John's Musings


Yeah, Me Neither

Survival Computer

We all have computers however they are more and more reliant on an internet connection, but what do you do when that internet connection is gone? Seems everyday on the news they are saying North Korea will pop an EMP off rendering the US power grid toast. I'm not really thinking that may happen but I live right in the chute of a hurricane tunnel. That's a lot more likely and I'm liable to be without power for a few days. I have a generator but what if that high speed internet connection isn't working? What if cell service is out? I've decided to dedicate one laptop to the task of being an Over The Air (OTA) device, non-reliant on the internet.


What can a computer do that isn't hooked to the internet? Quite a lot actually. Here's a few things you can do:


  • Watch digital over the air television
  • Listen to FM or AM radio
  • Listen to Shortwave Radio
  • Listen to Amateur Radio
  • Listen to emergency service transmissions such as police, fire, weather, etc.
  • Decode NOAA Weather Satellite Images
  • Detect Aircraft Overhead


Not a bad list, huh? So the big hurricane hits and all the power and utilities are out it almost seems like a must to have all this. Here's what you need to get started.

  • Laptop - I prefer an older Windows Vista / Windows 7 era laptop. They are plentiful, cheap, and many of them had Core Duo processors which are now dirt cheap. You could take an old Core Duo and slap a higher end chip in it for a few dollars. I took an old Dell 1545 with a 2.0GHz CPU and put a 2.80 GHz chip in it for $15 I think. A quick eBay search shows you can get an X9100 3.06 GHz CPU for about $15. Then again a Core Duo 2.0 does the job here almost as well. Go to BestBuy and look at laptop chip speeds now. A girly 1.8 GHz Celeron or some AMD low power thing. They are designed to last forever on battery and frustrate you with their lack of CPU and graphics speed. I don't care if you think these laptops are old but a Core Duo 3.06 GHz CPU running on Linux KICKS ASS.
  • Operating system. You can use Windows here but if you have an old laptop with say Windows XP or Vista you'll probably want to upgrade WHICH COSTS MONEY. I use Linux which is FREE and does everything we need to do nicely here. I like LinuxMint, Debian, and Ubuntu. For this project I used Ubuntu Desktop. If you read the page it recommends 2.0 GHz as the slowest chip. There are a million flavors of Linux and some that don't need much horsepower such as Lubuntu.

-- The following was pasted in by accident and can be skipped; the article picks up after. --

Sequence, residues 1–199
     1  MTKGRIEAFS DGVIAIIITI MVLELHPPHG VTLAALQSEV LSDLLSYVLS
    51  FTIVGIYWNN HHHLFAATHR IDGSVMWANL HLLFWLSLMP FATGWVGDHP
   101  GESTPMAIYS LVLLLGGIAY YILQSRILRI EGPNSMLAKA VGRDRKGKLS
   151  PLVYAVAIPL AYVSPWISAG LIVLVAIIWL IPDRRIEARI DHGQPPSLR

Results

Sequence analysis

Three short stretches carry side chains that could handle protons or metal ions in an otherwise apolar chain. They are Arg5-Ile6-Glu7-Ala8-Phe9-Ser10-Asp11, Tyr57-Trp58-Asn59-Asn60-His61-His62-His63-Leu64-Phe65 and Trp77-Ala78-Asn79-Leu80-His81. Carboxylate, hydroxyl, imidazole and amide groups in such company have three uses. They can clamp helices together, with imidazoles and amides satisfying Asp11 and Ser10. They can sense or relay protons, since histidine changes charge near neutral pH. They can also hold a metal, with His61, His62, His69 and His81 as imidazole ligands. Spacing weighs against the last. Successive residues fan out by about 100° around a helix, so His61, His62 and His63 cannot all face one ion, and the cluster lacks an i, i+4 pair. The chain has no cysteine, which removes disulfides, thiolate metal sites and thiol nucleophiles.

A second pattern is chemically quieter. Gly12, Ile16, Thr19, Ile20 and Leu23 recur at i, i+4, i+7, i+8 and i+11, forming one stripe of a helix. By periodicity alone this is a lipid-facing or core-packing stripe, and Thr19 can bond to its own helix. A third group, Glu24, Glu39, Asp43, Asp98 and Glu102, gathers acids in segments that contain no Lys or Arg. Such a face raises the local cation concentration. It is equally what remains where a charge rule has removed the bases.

• RTL-SDR Radio - Get this one if you can. $25 and it comes with a decent sized whip antenna.
  • TV Tuner - Hauppauge X Box Tuner for aprox. $50 I guarantee you can find cheaper TV Tuners but I know this one works with Linux and I know it works WELL. They sell a Hauppauge HVR-955Q for about $70 but I read somewhere this X Box Tuner is the exact same hardware. I also own the 955Q and it works awesome as well.
  • Antenna - I won't run too deep here but you can buy a cheap discone antenna from the internet which gives good broadband coverage. A $25 cheap Yagi TV antenna will work well here too. Heck you can MAKE YOUR OWN ANTENNA as well for next to nothing. If you live in a high signal area the whip antennas that come with the devices may be enough. With the cheap whip with my TV Tuner I get 12 Channels in New Bern, NC. 3 major affiliates with local and national news. I think if the stuff ever hits that fan that is what I'm shooting for anyway. Just note that if you want to decode satellite images you may need a handheld, tuned antenna or a DIY type antenna specific for that application.

As far as Linux software goes you'll need something called GQRX and Me-TV. If you are using Windows you can get a free program called SDR# (SDR Sharp) for the SDR Radio.


Here's a screenshot of Me-TV and of course the picture will go full screen if you want it to. You even get a free electronic program guide (EPG).



Here's GQRX pulling in a local FM radio station.



The SDR Radio I linked to above will do HF, which encompasses Amateur and Shortwave and AM radio as well. It's just a little geeky to get going but this device will do all the necessary bands. There are other, cheaper RTL-SDR USB radios but they don't natively do HF, AM, Amateur, and Shortwave without an UpConverter which will make you another $40 or so lighter in the wallet area. And before you ask, yes I have an UpConverter too.


Downloading NOAA transmissions is a bit geekier and can be done easily in GQRX. I have on overview on my page here for doing it. Basically you need GQRX, sox, and WXtoIMG. A program called GPredict is also a necessity for tracking where the satellites are. All these programs are free. Here is GPredict configured with my favorite satellites. We can see that NOAA 19 is right over the top of me.



See the biggest circle on the page around North and South America? That is INMARSAT 4-F3. It is in geosynchronous orbit over the Americas. Its job is to be a library in space called Outernet. Get it? Internet, Outernet. By the way you can connect to it with an Outernet Dreamcatcher Kit. I have a kit in the mail I'll review later. So.... imagine power has been out for a while. You can hit the satellite up everyday for weather, news, and encyclopedia information. Seems pretty useful to me.


But the ability to predict the weather is PRICELESS if you are in a no power, no communications situation. I am really not kidding. You can get this quality of satellite imagery (below) from a $25 SDR Radio. Wouldn't it be nice to keep a close eye on that hurricane approaching?




Having an SDR radio in your hurricane kit is as valuable as a few cases of water, canned meat, and gasoline. YOU NEED ONE OF THESE.

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